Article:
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During a recession, businesses look for creative and inexpensive ways to reward employees in lieu of offering significant raises or extravagant bonuses.   Data from businesses operating during our recent recession shows that many employers have turned to the option of incorporating work flex opportunities in order to reward, engage, and attract employees.

In April this year, the Families and Work Institute along with the Society of Human Resource Management (SHRM) released the  2014 National Study of Employers.   In comparison to a similar report in 2008, there is a 17% increase in employers offering the option to work remotely in some capacity, with a total of 67% of respondents offering this option.  The findings were from data given by over 1,000 HR professionals from September 13, 2013 to January 31, 2014.

The report also found that small employers (at least 50 employees) are emerging as leaders in offering flexible-work policies, offering more opportunities in all capacities: traditional flextime, telecommuting, time off during the workday and gradual returns after childbirth or adoption.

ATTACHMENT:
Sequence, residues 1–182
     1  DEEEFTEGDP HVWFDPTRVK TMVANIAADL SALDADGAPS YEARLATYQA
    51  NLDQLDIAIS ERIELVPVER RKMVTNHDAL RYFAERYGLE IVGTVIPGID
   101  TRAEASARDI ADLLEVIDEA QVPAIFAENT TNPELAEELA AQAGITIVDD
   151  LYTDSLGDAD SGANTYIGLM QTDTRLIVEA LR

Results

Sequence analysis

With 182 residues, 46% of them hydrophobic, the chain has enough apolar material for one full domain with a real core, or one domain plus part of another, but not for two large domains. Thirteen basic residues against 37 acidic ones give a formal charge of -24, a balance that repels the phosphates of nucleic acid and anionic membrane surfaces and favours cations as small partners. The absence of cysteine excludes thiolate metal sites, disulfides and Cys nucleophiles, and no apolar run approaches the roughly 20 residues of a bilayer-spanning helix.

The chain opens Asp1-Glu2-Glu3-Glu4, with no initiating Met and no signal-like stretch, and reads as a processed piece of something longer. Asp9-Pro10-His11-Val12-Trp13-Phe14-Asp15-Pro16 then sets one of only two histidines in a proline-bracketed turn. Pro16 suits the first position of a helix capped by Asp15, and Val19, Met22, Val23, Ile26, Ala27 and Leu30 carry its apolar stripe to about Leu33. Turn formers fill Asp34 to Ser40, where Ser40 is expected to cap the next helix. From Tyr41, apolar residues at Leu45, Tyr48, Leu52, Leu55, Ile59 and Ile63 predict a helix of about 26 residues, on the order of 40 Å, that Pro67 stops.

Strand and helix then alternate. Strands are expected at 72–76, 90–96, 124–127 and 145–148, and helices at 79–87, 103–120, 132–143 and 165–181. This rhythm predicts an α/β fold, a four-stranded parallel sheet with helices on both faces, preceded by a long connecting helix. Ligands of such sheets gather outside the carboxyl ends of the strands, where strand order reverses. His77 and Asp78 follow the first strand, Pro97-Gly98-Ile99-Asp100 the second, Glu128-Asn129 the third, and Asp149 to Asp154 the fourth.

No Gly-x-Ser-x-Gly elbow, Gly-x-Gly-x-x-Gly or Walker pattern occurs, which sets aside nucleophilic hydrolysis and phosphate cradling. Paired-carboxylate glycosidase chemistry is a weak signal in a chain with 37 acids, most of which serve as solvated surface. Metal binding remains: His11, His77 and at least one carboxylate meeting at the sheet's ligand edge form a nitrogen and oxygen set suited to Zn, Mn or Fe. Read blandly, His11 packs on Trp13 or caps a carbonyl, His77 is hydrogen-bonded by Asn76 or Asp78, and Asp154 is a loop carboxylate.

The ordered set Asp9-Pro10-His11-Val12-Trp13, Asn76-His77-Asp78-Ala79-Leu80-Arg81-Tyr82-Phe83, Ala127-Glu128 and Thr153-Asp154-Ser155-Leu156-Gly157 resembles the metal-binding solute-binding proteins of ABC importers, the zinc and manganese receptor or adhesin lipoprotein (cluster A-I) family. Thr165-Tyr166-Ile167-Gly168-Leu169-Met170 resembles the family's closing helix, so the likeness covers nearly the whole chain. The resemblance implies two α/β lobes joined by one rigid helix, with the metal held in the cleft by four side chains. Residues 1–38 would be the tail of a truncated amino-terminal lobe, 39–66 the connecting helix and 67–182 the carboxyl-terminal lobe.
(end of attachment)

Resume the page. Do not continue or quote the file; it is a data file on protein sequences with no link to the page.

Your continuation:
I titled 2014 the Year of Flexibility – a trend that can be incorporated, in some capacity, for every business, and is becoming necessary, as it is a pre-requisite for many potential employees before even considering taking a new position.  I’ve found many candidates who will turn down larger salaries in favor of more flexibility options.

I am also in that category of candidates who will require flexibility options of all future employers.  I began working virtually in December of last year for Purple Ink and the ability to work from anywhere – home, coffee shops, libraries – has been the most significant benefit my employer could offer!  And the fact that I work through blizzards, we have no office space costs, and I can work on the weekends are significant benefits to my employer as well.

I believe successful businesses in the future will embrace project-based employment rather than requiring desk time from 8 – 5.  Employers shouldn’t need to define time and place where the work gets done but rather WHAT work gets done and when it is due.  Projects can be assigned with interim deadlines with feedback given along the way.

Where the work is done, in many cases, can be irrelevant.

Catherine Schmidt
Catherine Schmidt
Catherine Schmidt is a former member of the Purple Ink team. She has a special interest in career coaching and recruiting and finds joy when she can connect the right person to the right opportunity.

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